Platform-Restricted Withdrawals: During the crypto crash of 2022, some major platforms froze client fund withdrawals to avoid becoming insolvent. This is a rare and extreme event, however, it’s one that has occurred in the past, and it’s important to be aware of.

Opportunity Cost: ETH now offers staking rewards to the tune of around 4% annual percentage yield (APY). ETH used as loan collateral will be locked up by the lender and therefore won’t be able to be used to earn rewards through staking.

Are there any other fees for Ethereum loans?

Some platforms, like SALT Lending, only charge interest for their loans. This, however, is more often the exception rather than the rule since most platforms charge some origination, withdrawal, or prepayment fees. 

Below is a table with the fees that different platforms charge:

Origination Fee1% of loan amount0%0%
Withdrawal Fee0% on all assets except for ERC-20 tokensBase tier – 1 free crypto withdrawal per monthDepends on the asset
Prepayment Fee0%0%0%

DeFi Loans

While crypto lenders are usually centralized platforms like Nexo and CoinLoan, decentralized alternatives also exist. 

“Decentralized finance” (DeFi) refers to financial protocols that allow crypto investors to buy, trade, sell, lend, and borrow cryptocurrencies without interacting with a centralized platform. Instead, DeFi protocols like Compound and Aave use rules set down in computer code to help investors transact with each other. 

Borrowing crypto through DeFi is as easy as visiting a DeFi protocol that supports the cryptocurrency you are looking to borrow. The funds you borrow will come from other DeFi crypto investors rather than a centralized treasury, as is the case with centralized lending.

Frequently Asked Questions

  1. Can I use ETH as collateral?

    Yes, almost every crypto loan provider takes collateral in ETH.  Some providers will require borrowers to pay loans down in the same currency they were taken out in (so if you took an ETH loan, you have to pay back in ETH), but others will allow multiple pay-back currencies for loans.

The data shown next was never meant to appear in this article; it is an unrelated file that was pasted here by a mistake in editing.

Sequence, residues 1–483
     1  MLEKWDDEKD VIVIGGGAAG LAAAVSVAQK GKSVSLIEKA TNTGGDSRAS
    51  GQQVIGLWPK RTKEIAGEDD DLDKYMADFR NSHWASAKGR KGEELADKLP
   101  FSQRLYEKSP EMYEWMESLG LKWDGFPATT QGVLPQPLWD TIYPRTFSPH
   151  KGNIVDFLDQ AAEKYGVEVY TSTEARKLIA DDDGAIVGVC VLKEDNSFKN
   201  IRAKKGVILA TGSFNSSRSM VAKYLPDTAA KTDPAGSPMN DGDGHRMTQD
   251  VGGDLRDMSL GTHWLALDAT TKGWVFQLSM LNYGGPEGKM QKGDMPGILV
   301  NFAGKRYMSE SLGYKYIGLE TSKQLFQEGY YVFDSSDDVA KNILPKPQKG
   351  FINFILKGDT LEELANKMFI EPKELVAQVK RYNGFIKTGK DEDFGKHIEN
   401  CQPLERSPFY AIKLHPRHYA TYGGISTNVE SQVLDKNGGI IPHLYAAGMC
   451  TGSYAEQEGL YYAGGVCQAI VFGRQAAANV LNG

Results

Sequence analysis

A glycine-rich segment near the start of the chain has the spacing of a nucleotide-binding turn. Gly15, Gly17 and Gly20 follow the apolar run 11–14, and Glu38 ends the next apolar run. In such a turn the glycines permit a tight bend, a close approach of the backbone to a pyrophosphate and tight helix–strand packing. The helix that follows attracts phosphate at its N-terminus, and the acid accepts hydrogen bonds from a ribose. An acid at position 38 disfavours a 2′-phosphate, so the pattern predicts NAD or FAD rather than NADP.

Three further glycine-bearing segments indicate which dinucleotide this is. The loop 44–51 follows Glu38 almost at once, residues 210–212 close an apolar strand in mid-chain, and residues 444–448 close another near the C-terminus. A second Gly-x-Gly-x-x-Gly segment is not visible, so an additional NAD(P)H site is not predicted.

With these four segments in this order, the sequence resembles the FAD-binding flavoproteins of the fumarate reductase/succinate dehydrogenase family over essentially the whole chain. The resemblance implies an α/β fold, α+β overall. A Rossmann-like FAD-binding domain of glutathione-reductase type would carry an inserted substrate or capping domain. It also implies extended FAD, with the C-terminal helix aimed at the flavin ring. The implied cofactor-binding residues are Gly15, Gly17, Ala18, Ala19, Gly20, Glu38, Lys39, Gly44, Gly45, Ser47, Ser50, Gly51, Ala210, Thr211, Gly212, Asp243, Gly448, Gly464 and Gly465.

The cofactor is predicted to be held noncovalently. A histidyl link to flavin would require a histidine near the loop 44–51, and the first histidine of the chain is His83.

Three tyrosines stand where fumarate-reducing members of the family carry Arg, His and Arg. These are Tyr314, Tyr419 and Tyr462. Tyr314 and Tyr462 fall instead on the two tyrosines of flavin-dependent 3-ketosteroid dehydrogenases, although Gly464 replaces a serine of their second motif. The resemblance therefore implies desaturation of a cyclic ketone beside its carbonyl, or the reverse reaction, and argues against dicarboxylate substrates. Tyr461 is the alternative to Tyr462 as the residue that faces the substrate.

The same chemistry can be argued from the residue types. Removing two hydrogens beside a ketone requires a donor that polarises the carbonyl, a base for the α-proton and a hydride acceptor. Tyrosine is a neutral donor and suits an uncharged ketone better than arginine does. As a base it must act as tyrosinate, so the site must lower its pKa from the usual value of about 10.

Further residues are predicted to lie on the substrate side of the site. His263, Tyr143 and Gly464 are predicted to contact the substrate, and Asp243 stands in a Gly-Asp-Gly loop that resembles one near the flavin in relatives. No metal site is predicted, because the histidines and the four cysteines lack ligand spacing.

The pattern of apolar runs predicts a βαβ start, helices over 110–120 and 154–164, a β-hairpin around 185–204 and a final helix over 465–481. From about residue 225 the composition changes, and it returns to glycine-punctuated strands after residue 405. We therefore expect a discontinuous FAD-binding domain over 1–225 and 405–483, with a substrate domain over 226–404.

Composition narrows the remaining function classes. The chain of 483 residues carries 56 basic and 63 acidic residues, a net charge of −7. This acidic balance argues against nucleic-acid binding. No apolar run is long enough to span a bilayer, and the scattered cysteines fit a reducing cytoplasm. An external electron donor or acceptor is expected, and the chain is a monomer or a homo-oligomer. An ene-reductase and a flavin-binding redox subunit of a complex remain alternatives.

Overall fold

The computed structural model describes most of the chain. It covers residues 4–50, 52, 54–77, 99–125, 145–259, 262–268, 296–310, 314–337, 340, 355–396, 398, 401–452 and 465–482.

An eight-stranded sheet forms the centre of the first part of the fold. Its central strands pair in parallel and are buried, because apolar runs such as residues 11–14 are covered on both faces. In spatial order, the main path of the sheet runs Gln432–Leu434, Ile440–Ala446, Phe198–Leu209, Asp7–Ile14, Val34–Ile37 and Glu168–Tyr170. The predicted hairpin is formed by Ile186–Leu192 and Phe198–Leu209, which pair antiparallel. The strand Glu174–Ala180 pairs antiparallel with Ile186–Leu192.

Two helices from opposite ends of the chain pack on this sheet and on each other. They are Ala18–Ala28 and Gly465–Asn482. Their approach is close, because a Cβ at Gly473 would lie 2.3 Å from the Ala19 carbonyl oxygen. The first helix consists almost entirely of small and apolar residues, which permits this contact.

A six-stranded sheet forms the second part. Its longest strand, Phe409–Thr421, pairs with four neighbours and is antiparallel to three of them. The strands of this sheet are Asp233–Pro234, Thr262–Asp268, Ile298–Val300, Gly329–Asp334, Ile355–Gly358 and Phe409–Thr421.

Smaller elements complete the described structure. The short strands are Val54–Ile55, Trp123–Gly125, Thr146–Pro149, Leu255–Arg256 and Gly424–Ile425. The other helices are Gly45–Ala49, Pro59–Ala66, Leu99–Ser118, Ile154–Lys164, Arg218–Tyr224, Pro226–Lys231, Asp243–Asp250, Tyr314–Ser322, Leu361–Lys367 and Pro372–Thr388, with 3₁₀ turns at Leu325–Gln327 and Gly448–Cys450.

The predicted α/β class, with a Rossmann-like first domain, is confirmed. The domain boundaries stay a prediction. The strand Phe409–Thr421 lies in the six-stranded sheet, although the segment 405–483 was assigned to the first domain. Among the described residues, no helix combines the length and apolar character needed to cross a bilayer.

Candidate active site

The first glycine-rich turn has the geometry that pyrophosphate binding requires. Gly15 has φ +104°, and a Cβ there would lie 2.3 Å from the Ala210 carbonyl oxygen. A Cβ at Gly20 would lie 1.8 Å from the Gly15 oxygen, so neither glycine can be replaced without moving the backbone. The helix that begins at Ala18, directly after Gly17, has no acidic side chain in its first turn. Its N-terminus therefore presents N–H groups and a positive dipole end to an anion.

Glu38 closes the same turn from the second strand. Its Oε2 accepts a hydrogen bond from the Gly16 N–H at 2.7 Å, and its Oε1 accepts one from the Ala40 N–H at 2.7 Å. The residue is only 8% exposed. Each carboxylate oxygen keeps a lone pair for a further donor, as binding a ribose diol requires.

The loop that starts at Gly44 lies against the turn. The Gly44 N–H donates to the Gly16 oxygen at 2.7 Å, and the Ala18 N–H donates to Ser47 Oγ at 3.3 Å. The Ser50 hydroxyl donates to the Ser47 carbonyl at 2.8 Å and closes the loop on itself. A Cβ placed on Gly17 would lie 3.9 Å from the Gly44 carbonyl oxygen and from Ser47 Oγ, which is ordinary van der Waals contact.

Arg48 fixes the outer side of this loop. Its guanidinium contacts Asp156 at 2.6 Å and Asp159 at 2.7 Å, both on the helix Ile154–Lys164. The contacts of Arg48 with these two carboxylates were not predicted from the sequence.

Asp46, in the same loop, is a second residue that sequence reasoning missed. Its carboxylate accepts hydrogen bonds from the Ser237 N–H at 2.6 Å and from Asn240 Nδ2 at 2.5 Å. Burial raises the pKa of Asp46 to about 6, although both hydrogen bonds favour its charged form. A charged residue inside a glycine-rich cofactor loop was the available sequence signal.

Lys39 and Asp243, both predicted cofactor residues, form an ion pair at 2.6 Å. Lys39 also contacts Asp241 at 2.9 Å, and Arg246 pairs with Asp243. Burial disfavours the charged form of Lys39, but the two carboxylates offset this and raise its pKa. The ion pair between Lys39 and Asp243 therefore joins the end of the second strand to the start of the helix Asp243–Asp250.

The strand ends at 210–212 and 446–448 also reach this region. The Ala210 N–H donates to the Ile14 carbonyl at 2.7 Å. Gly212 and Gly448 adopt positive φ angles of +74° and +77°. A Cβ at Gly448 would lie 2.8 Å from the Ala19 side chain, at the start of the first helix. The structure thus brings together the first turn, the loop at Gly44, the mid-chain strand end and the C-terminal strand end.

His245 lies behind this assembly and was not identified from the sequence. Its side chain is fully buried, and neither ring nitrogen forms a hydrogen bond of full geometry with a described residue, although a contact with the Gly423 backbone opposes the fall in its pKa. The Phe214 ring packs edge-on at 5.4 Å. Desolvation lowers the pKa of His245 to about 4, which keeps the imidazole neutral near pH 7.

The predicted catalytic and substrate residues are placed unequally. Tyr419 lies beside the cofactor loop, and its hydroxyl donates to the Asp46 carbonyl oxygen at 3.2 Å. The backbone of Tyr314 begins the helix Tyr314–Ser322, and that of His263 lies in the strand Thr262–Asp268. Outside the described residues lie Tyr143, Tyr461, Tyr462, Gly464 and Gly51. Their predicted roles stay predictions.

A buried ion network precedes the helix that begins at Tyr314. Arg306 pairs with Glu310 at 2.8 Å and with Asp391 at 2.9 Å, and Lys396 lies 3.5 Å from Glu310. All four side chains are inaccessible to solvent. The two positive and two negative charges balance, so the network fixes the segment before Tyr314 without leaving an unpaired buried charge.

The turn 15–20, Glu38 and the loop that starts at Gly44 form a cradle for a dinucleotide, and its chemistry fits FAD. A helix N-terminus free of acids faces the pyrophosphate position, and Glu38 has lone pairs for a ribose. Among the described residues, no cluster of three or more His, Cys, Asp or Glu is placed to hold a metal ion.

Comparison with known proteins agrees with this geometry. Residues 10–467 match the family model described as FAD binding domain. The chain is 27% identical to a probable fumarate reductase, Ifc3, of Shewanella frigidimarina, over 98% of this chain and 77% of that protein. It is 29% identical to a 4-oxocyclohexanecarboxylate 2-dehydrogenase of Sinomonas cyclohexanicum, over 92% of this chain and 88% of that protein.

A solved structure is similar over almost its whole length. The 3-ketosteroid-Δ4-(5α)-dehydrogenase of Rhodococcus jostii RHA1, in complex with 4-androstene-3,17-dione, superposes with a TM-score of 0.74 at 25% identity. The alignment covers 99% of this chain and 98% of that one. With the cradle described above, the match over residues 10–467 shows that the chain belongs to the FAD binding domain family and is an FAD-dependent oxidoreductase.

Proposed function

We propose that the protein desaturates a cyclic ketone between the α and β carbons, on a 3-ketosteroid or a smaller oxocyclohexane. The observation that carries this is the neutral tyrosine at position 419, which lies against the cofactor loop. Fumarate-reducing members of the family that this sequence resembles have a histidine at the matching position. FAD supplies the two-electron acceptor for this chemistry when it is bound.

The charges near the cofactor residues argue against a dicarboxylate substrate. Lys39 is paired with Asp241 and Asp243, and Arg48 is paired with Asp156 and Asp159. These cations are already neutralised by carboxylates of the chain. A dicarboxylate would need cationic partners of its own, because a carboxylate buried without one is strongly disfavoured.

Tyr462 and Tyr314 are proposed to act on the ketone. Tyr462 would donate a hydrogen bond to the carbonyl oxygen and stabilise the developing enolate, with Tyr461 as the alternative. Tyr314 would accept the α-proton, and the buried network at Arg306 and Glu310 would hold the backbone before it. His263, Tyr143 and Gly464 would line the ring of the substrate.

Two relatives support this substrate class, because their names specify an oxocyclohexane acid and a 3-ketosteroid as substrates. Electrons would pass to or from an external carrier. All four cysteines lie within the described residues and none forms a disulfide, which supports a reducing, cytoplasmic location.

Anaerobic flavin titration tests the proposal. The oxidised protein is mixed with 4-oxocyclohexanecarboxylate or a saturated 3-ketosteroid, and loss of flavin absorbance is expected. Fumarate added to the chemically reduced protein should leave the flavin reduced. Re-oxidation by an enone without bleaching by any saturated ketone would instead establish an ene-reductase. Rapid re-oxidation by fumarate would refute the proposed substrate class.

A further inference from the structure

2. Is it safe to get an Ethereum loan?

    Cryptocurrencies are volatile investments that may quickly fall in price due to market conditions. 

    While the platforms we cover above are secure custodians of your capital, it’s important to do research and gauge your personal risk tolerance before taking out a crypto loan.

  3. What are the taxes on Ethereum loans?

    Taking out a loan backed by ETH is not a taxable event.

    According to the IRS, loans are not considered income, so they are not taxed. So far, the tax rules for regular loans have also applied to crypto loans.

  4. Is there a credit check?

    No, there is no credit check for crypto loans. 

    Crypto loans use your deposited collateral funds to secure your loan. If you are unable to pay your loan back, your collateral gets sold to cover your loan. This collateral mechanism protects lenders and allows them to offer loans without needing to run credit checks.

  5. How can I get an Ethereum loan without collateral?

    Ethereum loans are currently only available against collateral. 

    In crypto, loans are not issued after a credit check but rather depend on the collateral deposited. This means that borrowers can get approved for loans almost instantly and do not undergo a credit check, but they will need to deposit assets as collateral.

  6. What are the best Ethereum loans?

    For many people, the biggest consideration when it comes to loans is the interest rate. Some platforms, such as SALT Lending and Nexo, offer interest rates under 1%. 

    Remember, the lower your LTV, the better rates you will get.